(The Shrinking Money and RBI’s Monetary PolicyAddress delivered by Shri. H. R. Khan, Deputy Governor, Reserve Bank of India at 10th National Management Seminar – 2011, Bhubaneswar on The Shrinking Money: Combating Debt Crisis and Inflation on December 10, 2011 organized by The Asian School of Business Management)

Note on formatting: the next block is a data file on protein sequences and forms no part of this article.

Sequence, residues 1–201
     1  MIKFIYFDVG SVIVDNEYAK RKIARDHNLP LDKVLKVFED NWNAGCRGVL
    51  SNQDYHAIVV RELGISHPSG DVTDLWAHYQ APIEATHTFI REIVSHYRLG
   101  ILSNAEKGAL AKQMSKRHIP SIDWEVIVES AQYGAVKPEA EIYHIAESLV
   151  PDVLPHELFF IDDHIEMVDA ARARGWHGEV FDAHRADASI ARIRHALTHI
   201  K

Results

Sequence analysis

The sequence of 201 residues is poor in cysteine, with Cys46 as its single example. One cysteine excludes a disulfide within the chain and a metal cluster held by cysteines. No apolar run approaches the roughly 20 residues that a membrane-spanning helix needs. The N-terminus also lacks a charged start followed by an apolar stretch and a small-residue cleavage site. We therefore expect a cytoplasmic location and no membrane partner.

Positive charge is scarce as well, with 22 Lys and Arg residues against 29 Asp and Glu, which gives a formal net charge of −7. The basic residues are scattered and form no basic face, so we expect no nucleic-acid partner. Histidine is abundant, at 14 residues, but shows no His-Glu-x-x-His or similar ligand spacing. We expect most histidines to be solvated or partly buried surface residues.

1. When I received the invitation to speak in a seminar having the theme titled “The Shrinking Money: Combating Debt Crises and Inflation”, I took some time trying to understand what exactly “shrinking money” could mean? In the global context, shrinking money could possibly be related to advanced countries’ fiscal excesses which have been fully accommodated by their respective central banks in conducting monetary policies. In other words, despite inflationary risks in the medium-run from the persistent easy monetary and liquidity conditions created by their central banks, monetary policy has no choice but remain subjugated to the fiscal excesses and the impact of such excesses on the economy. Moreover, monetary policy strategy in advanced economies has explored new options, particularly after hitting zero nominal interest rate bound, such as “quantitative easing” and “twist operations” but their effectiveness in delivering a durable robust recovery in growth has belied expectations. In that sense, it could be “shrinking scope for monetary policy” India, however, does not face these constraints in the conduct of its monetary policy. On a second thought, therefore, I looked for an answer from the domestic macroeconomic context. Whether shrinking money refers to “shrinking value of money” because of the persistently high inflation that we have been experiencing for more than two years now? Is it about what monetary policy could do about inflation in an environment of large borrowing programme of the government and inadequate fiscal and other structural response to address the supply side pressures on inflation? I realised that it must be the second interpretation, since I am from RBI, an institution which has been subjected to intense public scrutiny in last about one year or so for its monetary policy response to contain inflation and anchor inflation expectations.